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I'm having a problem in Chrome with the following:

var items = $("option", obj);  

items.each(function(){

    $(this).click(function(){

        // alert("test");
        process($(this).html());
        return false;
    });
});

The click event doesn't seem to fire in Chrome, but works in Firefox.

I wanna be able to click on a option element from a combo, if I do instead another kind of element, lets say <li> it works fine. Any ideas? Thanks.

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8 Answers 8

I don't believe the click event is valid on options. It is valid, however, on select elements. Give this a try:

$("select#yourSelect").change(function(){
    process($(this).children(":selected").html());
});
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I tried to listen to the click event on options and it worked: $(document).on("click","select option",function() {console.log("nice to meet you, console ;-)"); }); –  zuluk Oct 24 '14 at 20:59
    
@zuluk Even if the click event works, the change event is much more appropriate (think about what will happen if the user selects an option using his keyboard) –  lukasgeiter Oct 24 '14 at 21:07
1  
@lukasgeiter However what is the solution if you also want to fire an event if the user clicks on the already selected option? Change does not work... –  zuluk Oct 24 '14 at 21:14
    
@zuluk Okay that's true. Although this sounds like a rather rare use case to me. Maybe add a comment about it to your answer? :) –  lukasgeiter Oct 24 '14 at 21:18

We can achieve this other way despite of directly calling event with <select>.

JS part:

$("#sort").change(function(){

    alert('Selected value: ' + $(this).val());
});

HTML part:

<select id="sort">
    <option value="1">View All</option>
    <option value="2">Ready for Review</option>
    <option value="3">Registration Date</option>
    <option value="4">Last Modified</option>
    <option value="5">Ranking</option>
    <option value="6">Reviewed</option>
</select>
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Maybe one of the new jquery versions supports the click event on options. It worked for me:

$(document).on("click","select option",function() {
  console.log("nice to meet you, console ;-)");
});

UPDATE: A possible usecase could be the following: A user sends a html form and the values are inserted into a database. However one or more values are set by default and you flag this automated entries. You also show the user that his entry is generated automatically, but if he confirm the entry by clicking on the already selected option you change the flag in the database. A rare sue case, but possible...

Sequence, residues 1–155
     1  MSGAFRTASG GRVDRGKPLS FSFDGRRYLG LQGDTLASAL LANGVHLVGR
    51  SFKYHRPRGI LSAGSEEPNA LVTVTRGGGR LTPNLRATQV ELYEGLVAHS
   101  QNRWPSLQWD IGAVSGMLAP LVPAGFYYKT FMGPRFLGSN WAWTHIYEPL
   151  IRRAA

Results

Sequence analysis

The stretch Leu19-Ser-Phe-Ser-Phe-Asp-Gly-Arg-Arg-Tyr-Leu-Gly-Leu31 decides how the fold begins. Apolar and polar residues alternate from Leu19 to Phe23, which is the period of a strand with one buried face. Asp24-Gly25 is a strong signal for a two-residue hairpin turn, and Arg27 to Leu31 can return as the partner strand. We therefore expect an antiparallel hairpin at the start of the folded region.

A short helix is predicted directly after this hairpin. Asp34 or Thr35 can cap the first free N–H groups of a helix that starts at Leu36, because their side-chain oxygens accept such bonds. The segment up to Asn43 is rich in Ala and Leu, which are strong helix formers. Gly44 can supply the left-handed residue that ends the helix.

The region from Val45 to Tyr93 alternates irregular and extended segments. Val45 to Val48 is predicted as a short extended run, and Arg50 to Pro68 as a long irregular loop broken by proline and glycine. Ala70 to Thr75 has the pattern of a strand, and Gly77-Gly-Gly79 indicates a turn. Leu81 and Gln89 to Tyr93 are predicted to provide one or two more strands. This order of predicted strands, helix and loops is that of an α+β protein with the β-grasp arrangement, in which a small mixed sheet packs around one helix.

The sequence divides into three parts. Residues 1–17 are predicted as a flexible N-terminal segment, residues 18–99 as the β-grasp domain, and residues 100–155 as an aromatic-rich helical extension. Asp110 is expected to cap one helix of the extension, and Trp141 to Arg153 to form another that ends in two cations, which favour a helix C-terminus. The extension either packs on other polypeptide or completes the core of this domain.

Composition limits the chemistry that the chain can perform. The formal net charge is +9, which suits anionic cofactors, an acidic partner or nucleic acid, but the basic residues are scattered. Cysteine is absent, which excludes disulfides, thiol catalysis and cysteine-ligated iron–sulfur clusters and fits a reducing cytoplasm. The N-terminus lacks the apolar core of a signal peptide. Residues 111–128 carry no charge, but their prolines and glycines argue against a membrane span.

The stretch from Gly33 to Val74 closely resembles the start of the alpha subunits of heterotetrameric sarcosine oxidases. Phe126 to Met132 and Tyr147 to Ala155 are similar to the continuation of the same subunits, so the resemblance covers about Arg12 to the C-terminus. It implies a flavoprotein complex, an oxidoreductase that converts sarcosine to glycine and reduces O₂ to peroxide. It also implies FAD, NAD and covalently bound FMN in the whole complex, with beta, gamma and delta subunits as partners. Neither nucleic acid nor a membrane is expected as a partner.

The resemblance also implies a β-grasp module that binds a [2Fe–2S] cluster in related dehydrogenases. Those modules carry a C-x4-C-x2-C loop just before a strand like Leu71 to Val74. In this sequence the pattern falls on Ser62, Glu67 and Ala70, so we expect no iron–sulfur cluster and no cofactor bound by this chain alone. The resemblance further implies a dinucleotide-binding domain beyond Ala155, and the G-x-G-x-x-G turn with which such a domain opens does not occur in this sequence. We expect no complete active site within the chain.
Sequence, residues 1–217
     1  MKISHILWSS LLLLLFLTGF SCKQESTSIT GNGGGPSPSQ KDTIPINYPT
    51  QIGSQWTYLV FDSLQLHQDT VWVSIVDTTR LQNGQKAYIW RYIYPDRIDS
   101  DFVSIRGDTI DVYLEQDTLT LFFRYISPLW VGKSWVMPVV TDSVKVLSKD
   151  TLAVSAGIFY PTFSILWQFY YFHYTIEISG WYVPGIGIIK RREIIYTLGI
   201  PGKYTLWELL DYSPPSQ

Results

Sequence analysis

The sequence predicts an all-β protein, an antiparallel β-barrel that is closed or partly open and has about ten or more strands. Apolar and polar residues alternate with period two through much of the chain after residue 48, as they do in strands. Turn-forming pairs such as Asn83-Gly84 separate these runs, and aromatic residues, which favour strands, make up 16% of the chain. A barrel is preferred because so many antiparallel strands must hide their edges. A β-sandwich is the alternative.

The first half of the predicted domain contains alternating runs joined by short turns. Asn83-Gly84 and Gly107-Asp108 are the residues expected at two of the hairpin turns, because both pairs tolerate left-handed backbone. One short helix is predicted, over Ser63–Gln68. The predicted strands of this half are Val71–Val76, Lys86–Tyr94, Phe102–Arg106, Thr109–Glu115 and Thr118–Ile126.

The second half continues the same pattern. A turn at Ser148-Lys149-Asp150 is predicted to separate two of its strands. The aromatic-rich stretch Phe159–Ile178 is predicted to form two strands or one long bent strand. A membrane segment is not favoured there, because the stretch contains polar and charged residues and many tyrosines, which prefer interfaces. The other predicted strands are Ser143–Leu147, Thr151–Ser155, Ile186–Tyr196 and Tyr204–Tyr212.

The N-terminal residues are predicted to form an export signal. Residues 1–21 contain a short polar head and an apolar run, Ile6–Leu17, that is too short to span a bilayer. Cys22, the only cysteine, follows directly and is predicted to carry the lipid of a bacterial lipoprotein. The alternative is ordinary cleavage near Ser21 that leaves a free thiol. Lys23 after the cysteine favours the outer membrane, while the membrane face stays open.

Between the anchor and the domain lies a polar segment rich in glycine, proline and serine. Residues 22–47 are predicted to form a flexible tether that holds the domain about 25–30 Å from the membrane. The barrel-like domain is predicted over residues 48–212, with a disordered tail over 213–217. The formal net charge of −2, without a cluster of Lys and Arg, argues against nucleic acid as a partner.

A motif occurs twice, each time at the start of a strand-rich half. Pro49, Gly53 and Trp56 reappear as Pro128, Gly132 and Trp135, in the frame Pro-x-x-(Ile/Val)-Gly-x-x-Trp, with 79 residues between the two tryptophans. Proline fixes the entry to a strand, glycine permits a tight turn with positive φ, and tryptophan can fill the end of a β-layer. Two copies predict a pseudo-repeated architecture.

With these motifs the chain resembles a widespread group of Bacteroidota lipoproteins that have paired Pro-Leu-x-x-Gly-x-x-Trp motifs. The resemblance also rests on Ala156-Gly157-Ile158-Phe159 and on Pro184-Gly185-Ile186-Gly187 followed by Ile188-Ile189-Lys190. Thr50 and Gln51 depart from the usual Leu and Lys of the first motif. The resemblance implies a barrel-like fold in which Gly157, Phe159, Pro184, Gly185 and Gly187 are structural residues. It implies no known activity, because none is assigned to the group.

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What usually works for me is to first change the value of the dropdown, e.g.

$('#selectorForOption').attr('selected','selected')

and then trigger the a change

$('#selectorForOption').changed()

This way, any javascript that is wired to

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This post is old but if it adds... I had the same issue with Safari (and chrome) using:

$("#yourSelect").click(function(){
    // code
});

and Stuart Branham's answer did the trick all round.

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<select id="myselect">
    <option value="0">sometext</option>
    <option value="2">Ready for Review</option>
    <option value="3">Registration Date</option>
</select>

$('#myselect').change(function() {
    if($('#myselect option:selected').val() == 0) {
    ...
    }
    else {
    ...
    }
});
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I found that the following worked for me - instead on using on click, use on change e.g.:

 jQuery('#element select').on('change',  (function() {

       //your code here

}));
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I know that this code snippet works for recognizing an option click (at least in Chrome and FF). Furthermore, it works if the element wasn't there on DOM load. I usually use this when I input sections of inputs into a single select element and I don't want the section title to be clicked.

$(document).on('click', 'option[value="disableme"]', function(){
    $('option[value="disableme"]').prop("selected", false);
});
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